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Why This Brain Doctor Wants You To Take A Tech Timeout

Image by TINO RENATO / Death to the stock photo
November 22, 2019

Have you ever been heading into a meeting at work and noticed that all of your colleagues are staring at their phones? Or gone on a date only to watch the person you're having dinner with constantly check messages on their smartphone? Of course, you have. And you've probably done it, too.

Most of us can't imagine living without our digital devices. Yet, less than a decade ago, only 35% of Americans owned a smartphone, according to Pew Research. Today, however, that number has jumped to 81% and to a whopping 96% among 18- to 29-year-olds. Our phones, as well as our tablets, laptops, gaming consoles, and other devices, make our lives so much easier, and better, in so many ways. However, they also come with a hefty price.

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Our love affair with all things tech is taking a toll on our brain health.

What technology is doing to our brains. 

As a psychiatrist for more than three decades, I've worked with hundreds of people who are so tied to their tech devices that it's negatively affecting multiple areas of their lives. Here are some of the main problems I see among my patients.

Tech addiction

In my practice, I see many people struggling with an unhealthy relationship with their devices. They are among the estimated 210 million people struggling with Internet and social media addiction1. The brain-imaging work we do at Amen Clinics shows that tech addiction, which is considered a behavioral addiction, is associated with negative changes in multiple brain regions.      

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Anxiety and mood issues

More time spent on tech devices adds up to more problems with mental well-being. Did you know that teens who log five hours each day on their phones are twice as likely to have symptoms of depression? And in young adults, using seven to 11 social media platforms triples the risk of developing depression and anxiety2 compared with those who use no more than two platforms.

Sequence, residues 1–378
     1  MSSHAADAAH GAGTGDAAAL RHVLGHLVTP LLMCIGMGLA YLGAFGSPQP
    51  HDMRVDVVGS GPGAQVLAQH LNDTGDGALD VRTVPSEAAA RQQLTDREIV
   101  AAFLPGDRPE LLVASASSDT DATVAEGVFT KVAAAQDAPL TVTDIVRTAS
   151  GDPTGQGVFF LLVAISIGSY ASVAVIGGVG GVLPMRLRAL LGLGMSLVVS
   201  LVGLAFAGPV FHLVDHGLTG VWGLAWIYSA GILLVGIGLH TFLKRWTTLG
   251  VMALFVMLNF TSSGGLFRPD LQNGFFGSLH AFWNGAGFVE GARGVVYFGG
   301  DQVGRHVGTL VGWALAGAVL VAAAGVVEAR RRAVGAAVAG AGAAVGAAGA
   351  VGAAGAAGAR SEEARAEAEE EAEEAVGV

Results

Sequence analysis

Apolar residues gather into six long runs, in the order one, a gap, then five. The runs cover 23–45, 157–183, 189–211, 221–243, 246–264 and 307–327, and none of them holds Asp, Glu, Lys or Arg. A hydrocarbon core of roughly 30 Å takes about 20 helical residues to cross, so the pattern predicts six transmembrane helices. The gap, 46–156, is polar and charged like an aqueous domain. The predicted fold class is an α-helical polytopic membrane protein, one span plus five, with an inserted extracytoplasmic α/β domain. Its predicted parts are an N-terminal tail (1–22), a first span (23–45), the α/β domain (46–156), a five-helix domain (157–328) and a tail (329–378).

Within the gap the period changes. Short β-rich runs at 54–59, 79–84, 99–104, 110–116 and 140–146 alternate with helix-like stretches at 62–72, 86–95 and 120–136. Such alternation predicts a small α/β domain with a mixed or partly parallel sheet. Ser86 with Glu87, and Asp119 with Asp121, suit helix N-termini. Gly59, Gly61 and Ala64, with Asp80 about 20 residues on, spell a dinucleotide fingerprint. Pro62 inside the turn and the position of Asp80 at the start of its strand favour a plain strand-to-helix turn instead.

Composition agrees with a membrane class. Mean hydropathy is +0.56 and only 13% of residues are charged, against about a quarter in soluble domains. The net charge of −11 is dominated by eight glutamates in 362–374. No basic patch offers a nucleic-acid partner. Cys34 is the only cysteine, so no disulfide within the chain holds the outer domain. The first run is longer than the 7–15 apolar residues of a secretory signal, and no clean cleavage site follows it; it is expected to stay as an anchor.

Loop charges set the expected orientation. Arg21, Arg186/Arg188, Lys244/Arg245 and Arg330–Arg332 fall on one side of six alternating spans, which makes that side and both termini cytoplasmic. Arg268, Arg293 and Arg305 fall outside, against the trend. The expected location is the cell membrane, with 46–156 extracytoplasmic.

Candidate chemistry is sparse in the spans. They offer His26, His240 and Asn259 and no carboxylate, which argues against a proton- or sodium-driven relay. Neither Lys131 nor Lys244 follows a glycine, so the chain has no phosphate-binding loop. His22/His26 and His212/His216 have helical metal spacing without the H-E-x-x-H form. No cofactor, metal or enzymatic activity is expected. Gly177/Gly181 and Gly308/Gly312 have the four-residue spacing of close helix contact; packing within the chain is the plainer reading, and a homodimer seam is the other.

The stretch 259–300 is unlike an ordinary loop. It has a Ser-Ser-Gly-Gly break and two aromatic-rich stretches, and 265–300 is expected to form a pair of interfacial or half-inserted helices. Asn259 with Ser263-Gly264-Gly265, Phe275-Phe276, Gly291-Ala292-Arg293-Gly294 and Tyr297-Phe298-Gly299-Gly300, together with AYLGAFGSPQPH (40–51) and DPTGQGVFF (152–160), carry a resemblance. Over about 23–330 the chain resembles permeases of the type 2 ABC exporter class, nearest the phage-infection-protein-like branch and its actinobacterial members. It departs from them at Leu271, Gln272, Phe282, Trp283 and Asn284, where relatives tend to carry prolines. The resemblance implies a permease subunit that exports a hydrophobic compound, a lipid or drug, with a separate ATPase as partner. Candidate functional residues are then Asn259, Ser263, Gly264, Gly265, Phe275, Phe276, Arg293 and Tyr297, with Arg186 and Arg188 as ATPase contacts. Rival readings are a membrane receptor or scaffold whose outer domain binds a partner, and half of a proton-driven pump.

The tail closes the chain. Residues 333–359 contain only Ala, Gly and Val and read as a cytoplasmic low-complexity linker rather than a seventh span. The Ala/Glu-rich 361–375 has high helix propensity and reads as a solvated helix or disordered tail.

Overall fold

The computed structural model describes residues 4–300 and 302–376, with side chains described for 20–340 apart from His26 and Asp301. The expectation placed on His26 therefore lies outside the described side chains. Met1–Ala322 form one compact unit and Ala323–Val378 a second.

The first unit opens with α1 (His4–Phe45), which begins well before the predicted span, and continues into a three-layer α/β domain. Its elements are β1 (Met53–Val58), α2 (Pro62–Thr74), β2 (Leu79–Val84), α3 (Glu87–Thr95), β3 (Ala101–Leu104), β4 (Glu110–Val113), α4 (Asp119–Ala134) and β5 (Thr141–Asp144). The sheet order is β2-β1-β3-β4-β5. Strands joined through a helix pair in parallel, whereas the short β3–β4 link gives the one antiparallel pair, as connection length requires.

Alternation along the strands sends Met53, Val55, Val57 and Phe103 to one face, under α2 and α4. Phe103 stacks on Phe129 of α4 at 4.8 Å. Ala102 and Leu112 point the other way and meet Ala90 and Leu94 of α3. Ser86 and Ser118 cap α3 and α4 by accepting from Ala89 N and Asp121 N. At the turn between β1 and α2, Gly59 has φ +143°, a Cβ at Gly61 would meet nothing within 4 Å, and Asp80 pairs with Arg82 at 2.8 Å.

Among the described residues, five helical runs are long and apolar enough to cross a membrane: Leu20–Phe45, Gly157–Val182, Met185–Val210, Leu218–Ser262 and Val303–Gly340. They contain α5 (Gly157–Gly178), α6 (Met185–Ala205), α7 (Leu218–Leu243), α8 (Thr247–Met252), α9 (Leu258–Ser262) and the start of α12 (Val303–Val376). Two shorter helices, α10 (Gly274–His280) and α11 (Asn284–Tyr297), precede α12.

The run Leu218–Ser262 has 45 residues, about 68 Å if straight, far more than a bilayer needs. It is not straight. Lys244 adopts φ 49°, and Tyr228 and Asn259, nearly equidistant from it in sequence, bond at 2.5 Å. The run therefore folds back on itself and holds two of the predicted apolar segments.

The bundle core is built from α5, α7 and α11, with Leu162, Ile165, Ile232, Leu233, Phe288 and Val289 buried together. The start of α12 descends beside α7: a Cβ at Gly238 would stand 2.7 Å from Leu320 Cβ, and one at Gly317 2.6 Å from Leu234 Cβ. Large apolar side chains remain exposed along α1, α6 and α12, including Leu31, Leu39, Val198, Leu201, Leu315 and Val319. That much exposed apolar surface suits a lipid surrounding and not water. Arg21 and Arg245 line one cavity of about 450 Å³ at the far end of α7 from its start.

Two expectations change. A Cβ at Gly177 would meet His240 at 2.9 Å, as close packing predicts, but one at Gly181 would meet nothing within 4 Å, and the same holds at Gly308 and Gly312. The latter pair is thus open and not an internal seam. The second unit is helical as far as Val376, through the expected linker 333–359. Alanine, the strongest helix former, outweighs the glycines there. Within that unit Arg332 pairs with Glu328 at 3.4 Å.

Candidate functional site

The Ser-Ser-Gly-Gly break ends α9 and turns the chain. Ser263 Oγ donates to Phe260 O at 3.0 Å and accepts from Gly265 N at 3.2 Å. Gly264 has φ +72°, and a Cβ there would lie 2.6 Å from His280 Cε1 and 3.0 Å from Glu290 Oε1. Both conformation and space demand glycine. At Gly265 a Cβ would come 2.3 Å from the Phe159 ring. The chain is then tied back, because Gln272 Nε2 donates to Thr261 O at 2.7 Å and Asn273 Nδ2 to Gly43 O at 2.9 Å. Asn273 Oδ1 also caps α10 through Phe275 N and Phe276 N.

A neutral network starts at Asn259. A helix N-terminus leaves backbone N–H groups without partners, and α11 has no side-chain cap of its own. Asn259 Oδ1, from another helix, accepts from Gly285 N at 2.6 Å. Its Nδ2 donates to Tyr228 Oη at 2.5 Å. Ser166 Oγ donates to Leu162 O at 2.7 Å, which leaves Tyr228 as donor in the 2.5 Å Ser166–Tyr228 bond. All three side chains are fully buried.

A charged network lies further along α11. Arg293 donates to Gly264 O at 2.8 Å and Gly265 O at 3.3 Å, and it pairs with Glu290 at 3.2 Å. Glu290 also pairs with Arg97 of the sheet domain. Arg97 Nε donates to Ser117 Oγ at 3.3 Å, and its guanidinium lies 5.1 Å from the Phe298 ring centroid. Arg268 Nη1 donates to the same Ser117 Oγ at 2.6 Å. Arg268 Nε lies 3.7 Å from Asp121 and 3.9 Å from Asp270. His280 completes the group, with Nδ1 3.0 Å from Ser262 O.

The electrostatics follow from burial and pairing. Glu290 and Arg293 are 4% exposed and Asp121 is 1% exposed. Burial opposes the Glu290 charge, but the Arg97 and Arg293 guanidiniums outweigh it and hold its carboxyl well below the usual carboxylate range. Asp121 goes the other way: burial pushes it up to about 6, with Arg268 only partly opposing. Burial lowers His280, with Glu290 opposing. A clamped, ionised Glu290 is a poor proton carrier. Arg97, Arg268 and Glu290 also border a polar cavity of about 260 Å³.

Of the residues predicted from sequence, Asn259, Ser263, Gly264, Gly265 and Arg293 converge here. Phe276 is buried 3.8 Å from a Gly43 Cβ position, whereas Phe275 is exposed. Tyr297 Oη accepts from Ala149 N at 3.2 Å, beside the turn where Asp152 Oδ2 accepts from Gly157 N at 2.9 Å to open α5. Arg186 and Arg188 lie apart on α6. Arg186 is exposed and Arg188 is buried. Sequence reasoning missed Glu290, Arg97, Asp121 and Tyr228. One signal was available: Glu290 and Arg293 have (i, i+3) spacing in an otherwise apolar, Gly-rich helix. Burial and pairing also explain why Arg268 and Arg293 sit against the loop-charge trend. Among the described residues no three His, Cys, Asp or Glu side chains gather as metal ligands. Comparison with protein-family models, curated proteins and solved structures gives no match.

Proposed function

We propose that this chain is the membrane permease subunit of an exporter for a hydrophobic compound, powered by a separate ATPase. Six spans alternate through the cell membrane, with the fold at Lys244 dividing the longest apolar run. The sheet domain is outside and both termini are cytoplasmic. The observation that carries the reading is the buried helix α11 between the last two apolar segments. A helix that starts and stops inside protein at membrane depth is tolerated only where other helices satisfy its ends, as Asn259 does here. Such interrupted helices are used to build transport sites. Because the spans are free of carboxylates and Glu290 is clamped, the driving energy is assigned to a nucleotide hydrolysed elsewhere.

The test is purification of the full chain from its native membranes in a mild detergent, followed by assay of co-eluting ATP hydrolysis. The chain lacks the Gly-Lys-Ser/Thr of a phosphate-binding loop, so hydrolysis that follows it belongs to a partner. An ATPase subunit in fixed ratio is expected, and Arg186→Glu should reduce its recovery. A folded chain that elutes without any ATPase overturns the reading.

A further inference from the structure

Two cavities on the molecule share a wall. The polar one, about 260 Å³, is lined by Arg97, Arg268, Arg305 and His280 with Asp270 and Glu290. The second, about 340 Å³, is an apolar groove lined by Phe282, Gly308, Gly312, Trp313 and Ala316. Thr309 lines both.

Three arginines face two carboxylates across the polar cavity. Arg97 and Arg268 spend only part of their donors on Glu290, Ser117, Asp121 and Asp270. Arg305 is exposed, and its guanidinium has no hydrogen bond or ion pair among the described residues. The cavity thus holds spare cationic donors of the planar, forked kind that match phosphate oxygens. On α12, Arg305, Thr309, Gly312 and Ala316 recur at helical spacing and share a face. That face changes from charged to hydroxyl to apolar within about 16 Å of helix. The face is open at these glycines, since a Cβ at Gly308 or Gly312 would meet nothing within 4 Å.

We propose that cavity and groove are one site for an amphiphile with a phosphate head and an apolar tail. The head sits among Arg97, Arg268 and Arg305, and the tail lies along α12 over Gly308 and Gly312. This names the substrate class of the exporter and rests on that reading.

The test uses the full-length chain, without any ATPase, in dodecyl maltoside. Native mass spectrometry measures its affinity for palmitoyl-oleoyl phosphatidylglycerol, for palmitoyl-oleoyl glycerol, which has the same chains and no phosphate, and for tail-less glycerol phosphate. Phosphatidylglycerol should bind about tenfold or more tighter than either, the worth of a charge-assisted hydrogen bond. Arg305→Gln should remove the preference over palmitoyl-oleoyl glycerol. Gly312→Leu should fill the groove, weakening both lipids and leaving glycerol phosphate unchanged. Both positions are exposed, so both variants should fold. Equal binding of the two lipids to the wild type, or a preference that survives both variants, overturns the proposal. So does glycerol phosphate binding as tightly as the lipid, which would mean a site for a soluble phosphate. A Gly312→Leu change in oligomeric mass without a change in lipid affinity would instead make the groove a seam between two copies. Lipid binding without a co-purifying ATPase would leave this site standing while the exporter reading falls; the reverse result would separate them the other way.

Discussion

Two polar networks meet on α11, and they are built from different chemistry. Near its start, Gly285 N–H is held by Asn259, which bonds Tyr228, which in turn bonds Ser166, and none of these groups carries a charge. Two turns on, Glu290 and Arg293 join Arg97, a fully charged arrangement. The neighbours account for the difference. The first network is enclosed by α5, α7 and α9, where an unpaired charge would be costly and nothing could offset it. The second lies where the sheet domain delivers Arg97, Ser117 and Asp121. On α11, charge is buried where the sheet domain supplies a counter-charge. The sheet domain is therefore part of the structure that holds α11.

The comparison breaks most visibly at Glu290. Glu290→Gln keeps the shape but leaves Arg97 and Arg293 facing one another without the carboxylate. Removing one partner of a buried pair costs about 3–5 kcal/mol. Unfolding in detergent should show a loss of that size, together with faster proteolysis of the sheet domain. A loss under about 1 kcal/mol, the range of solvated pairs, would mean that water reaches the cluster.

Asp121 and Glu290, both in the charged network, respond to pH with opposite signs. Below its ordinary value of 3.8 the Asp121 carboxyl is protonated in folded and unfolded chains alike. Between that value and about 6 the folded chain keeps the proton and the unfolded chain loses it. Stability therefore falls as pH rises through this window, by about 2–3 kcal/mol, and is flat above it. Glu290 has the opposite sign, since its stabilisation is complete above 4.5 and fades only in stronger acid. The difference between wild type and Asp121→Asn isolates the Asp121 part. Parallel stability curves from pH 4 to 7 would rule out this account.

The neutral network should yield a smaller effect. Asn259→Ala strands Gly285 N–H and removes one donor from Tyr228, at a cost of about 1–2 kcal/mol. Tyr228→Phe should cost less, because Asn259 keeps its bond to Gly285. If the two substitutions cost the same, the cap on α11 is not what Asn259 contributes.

Inattention

All those notifications and alerts from our gadgets can be so distracting, and if the buzzing or beeping occurs when you're knee-deep in a critical task, it impairs performance. In fact, you don't even have to read that incoming text message or email to experience a drop in your ability to complete the task at hand, according to findings in the Journal of Experimental Psychology3.

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Low self-esteem

Sadly, self-esteem4 is too often tied to the number of likes you get on social media. We collaborated with The Dr. Oz Show on a brain-imaging experiment involving the Tinder dating app to assess its effect on mood and focus in a group of men and women in their 30s. In this trial, when they got a "swipe right"—meaning someone using the app liked their pictures and short bio—it increased activity in the pleasure and mood centers of their brains. However, getting more "swipe left" reactions—indicating rejection—caused changes in their brains associated with increased vulnerability to pain and depression.

Forgetfulness

Our reliance on technology and media multitasking are diminishing our working memory capacity as well as our long-term memory function, according to researchers at Stanford University5.

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Increased impulsivity

Our gadgets give us the ability to see something we want and get it immediately. Scientists are discovering that heavy smartphone use is more likely to lead to impulse control issues.

Relationship woes

Is that smartphone getting between you and your romantic partner? It's called "technoference," and emerging research shows it can sabotage relationships. A 2019 study found that smartphones could be a source of frustration for couples. I can vouch for that statistic based on the number of people who come to me for couples' therapy complaining about their partner's tech devices.

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How to take a tech timeout at work.

When my patients are struggling with the adverse effects of digital obsession, I usually prescribe a tech timeout. You may need one too. Here are some simple strategies to help you unplug at work, in your relationships, and at school.